This all started…

After the chickens came. We (really “I”) wanted chickens, so we got chickens. I suggested getting bees and Mr. P said “No!”

Lo and behold, some 8 months later he says to me “What do you think about getting bees?”  I reminded him of his previous answer and like any good man said “I don’t remember that.” Turns out one of his co-workers, Peter, was a beekeeper and offered to make a nuc (short for nucleus). He also had some equipment he could bestow upon us and a friend that was getting out of beekeeping and ready to sell her equipment too. Well, how can you say no to that?

Beekeeping was added to chicken keeping.

A nuc consists of a couple of frames of brood (larvae), couple of frames of pollen and honey and one empty frame (to give the bees something to do). If you buy a nuc from a supplier, a queen comes with it and you need a queen to get more bees. If you make a split (essentially dividing a hive into two), the queen stays in one part and the other part is left queenless.

The division that is left queenless MUST HAVE EGGS for the workers to make a new queen. Peter and I made a nuc from his lovely bees but when it was delivered on June 5th it was quite obviously queenless. There were very few bees in the hive though they were not very aggressive which a queenless hive can be. No queen means no new bees which means that the old ones dying (bees live 4-6weeks in the summer) are not being replaced. This is BAD. So we went back to his place and made another nuc, I was home by 10:30 that morning with a nuc box in my car. Peter had dumped a slew of bees into the nuc box and we were not watching for the queen. So that afternoon I just had to check the new nuc to see whether I had Peter’s queen and if not then at least eggs from which the bees would make a new queen. I did not have the queen but I found eggs, lovely, lovely eggs. They look like very small grains of rice and are a translucent white. Beautiful.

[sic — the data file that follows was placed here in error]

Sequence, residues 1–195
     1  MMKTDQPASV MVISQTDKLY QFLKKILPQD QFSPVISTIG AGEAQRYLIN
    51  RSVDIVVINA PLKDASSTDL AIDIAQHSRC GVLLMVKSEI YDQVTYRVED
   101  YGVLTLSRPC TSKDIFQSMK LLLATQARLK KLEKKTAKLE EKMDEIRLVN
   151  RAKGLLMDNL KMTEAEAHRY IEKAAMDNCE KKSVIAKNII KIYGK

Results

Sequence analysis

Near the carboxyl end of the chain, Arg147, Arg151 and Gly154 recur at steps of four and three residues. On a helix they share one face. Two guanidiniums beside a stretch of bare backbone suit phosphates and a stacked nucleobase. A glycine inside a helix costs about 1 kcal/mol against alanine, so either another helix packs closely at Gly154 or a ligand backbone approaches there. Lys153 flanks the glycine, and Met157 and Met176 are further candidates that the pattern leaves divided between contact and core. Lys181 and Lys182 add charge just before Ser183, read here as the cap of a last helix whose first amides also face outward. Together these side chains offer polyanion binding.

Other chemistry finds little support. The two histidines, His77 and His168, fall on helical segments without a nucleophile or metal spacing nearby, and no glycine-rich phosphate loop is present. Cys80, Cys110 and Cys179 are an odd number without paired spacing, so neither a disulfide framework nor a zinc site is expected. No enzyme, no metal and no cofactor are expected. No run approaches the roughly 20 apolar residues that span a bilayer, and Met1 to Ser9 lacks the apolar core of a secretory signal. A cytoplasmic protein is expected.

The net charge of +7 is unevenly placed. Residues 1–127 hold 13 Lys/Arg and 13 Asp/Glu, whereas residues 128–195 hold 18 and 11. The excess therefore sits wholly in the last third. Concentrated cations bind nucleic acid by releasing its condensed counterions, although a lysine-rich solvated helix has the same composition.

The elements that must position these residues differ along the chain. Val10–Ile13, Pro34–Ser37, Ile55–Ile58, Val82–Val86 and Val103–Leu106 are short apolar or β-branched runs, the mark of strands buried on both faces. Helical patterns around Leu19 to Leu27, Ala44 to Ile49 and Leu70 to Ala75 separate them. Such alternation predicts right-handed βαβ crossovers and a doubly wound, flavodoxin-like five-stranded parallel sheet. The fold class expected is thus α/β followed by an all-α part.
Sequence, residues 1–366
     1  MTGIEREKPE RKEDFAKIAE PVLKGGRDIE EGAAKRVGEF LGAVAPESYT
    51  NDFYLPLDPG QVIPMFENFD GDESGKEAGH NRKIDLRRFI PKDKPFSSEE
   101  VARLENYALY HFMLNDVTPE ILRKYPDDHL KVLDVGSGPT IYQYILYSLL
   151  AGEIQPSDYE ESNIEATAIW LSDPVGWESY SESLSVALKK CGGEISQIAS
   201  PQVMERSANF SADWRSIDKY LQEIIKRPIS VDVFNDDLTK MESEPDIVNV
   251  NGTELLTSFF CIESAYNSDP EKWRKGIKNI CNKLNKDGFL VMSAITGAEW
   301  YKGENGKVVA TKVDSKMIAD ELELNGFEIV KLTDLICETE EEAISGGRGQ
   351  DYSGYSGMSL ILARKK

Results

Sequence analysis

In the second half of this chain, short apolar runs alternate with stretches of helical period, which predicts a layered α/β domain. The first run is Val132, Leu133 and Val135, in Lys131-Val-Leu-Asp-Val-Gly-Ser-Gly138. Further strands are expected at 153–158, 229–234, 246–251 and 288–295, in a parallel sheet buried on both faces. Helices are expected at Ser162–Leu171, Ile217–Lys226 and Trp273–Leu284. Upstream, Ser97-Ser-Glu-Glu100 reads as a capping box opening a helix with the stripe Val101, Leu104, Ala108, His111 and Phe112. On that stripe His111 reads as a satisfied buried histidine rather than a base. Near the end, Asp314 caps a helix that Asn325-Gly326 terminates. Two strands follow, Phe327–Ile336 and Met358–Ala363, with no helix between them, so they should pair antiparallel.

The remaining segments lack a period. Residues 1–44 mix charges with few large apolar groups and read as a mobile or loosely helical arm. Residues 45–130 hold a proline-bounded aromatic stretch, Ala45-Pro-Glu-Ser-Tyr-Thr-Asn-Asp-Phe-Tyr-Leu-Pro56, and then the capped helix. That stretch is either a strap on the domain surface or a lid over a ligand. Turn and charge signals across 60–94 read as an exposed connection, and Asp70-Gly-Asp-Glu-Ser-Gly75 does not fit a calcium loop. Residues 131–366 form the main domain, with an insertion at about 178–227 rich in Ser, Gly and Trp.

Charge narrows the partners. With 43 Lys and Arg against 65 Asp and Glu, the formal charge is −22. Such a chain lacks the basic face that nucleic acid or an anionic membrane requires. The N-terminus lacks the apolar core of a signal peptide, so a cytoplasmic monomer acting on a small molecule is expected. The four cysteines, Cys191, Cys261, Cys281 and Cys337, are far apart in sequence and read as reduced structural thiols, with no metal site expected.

Now the story divides, old nuc and new nuc:

OLD NUC:

The old nuc (now in an orange hive box) was queenless. I really wanted to have 2 hives for various reasons, least of all for situations like this. You have a problem in one hive? Pull help from the stronger one. Anyway, my quest to save this hive began and I was not feeling optimistic. After what seemed like a million calls, I got a queen from a local breeder, Marc Hoffman. I met another one of his customers, Hank, and he has been a good person to share some of this story with. Plus Hank has 2, now 3, of his queens from Marc and they are all doing well. I like that they’re local queens.

I introduced her the 11th of June, she was caged since the 8th and was kind of small. On the 12th Peter and I went to his hive and dumped out a bunch of bees (that was interesting) and I added them in a newspaper combine. I checked on the 13th and the queen had noticeably plumped up so they were obviously feeding her. I released her the 13th and did a few checks until the 24th and saw no evidence of her or of eggs/larvae/brood. So I went in this past Saturday fully expecting to do a combine of the self-queening nuc and the queenless hive. Well, what a surprise!

I hadn’t completely given up on the hive but I had arranged to pick up a nuc this upcoming weekend to fulfill my quest for 2 hives. I guess I won’t need that! There were 2.5 frames with brood on them, most were quite small, likely due to the small number of bees available to care for them when she started laying. Some bees forage and some nurse.

NEW NUC:

The new nuc had queen cells built out within a week and I tore one when I was checking for them 😦 But there were at least 3-4 cells present. If they used 3 day old larvae then she should have emerged June 17th or 18th. She hardens up for a few days, orients, makes her mating flights over several days, returns to the hive and waits about 5 days for her ovaries to mature and then starts laying. So according to Bee Math, she would start laying about July 4th weekend. We were on vacation and so I waited until the 9th and 10th to do my first inspection.

Within a week, they had drawn out a sheet of 5.1mm wax foundation I had given them and they had this on July 10th:

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